Samsung Pay vulnerability enables hackers to steal credit cards wirelessly
A vulnerability has been discovered in Samsung Pay which can be exploited by a hacker to wirelessly steal credit cards. The way Samsung Pay secures transactions involves translating credit card data into tokens so that card numbers can’t be stolen from the device. However, security researcher Salvador Mendoza discovered that those tokens aren’t as secure as one might believe them to be. He presented more details about this vulnerability at a Black Hat talk in Las Vegas earlier this week.
He discovered that the tokenization process is limited and that the sequencing of the tokens can be predicted. He explains that the tokenization process becomes weaker after the Samsung Pay app generates the first token for a specific card which means there is a greater chance that future tokens could be predicted. A hacker who knows how to do this can steal the tickets and use them in another device to make unauthorized transactions. Mendoza said that he proved his theory by sending a token to one of his friends in Mexico who was able to use it with magnetic spoofing hardware to make a purchase using Samsung Pay despite the fact that Samsung’s mobile payment service has not been launched in Mexico yet.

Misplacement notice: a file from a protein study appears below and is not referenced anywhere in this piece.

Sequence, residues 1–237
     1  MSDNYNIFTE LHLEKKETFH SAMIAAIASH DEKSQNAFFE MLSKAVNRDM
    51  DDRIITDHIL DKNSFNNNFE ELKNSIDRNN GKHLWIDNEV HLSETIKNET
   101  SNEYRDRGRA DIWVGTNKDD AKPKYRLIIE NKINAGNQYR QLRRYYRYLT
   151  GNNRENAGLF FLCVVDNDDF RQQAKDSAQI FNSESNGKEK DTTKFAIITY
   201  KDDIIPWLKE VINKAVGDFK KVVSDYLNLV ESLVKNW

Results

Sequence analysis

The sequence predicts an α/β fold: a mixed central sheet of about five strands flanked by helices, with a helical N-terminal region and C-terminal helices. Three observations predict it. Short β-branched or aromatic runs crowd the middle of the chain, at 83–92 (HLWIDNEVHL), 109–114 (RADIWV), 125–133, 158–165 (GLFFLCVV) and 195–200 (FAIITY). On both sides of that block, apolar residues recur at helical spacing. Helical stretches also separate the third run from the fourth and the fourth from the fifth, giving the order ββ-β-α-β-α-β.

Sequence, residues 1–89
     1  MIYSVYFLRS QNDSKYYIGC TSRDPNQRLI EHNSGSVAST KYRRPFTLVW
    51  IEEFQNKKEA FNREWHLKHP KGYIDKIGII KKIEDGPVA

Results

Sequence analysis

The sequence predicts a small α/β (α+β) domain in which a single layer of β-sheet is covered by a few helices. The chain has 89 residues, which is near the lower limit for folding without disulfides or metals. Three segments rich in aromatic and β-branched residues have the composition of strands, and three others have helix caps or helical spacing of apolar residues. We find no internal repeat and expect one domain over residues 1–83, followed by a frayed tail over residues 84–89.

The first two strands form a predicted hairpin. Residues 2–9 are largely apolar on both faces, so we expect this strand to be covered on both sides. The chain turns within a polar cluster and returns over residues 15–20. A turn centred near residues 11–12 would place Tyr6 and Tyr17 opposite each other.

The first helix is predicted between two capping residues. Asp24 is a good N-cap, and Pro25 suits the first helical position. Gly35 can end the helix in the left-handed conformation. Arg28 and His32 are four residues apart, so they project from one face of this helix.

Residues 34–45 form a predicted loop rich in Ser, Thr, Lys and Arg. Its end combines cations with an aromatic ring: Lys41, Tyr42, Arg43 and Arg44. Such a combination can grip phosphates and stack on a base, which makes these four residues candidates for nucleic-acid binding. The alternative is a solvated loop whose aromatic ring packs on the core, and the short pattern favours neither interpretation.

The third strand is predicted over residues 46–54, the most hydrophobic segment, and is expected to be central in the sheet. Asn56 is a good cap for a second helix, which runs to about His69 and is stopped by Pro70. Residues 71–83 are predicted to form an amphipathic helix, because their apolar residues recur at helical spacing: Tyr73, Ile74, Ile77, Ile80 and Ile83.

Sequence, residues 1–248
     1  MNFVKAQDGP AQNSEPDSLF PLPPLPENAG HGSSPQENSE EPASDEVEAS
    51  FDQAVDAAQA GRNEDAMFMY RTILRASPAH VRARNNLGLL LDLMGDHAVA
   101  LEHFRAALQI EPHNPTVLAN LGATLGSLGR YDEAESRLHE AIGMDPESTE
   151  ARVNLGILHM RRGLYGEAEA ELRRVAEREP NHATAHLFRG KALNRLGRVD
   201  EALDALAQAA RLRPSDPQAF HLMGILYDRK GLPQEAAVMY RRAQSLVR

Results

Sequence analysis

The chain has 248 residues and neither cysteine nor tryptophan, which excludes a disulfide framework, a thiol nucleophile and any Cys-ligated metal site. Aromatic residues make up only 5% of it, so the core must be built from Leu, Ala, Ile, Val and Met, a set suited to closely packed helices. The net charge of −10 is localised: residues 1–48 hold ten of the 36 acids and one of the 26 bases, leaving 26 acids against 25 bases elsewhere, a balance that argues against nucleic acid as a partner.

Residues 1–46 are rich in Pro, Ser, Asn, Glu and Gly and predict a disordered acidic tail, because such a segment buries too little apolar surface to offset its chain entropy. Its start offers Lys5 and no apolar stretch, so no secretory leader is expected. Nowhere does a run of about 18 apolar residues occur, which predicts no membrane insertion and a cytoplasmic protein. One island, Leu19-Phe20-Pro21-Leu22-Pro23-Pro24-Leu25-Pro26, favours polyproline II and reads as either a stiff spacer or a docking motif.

Mendoza explains more about his discovery in the video that’s posted down below. Samsung hasn’t confirmed yet if it has taken care of this vulnerability but did say that “If at any time there is a potential vulnerability, we will act promptly to investigate and resolve the issue.” It also wants to remind all users that “Samsung Pay is built with the most advanced security features, assuring all payment credentials are encrypted and kept safe, coupled with the Samsung Knox security platform.”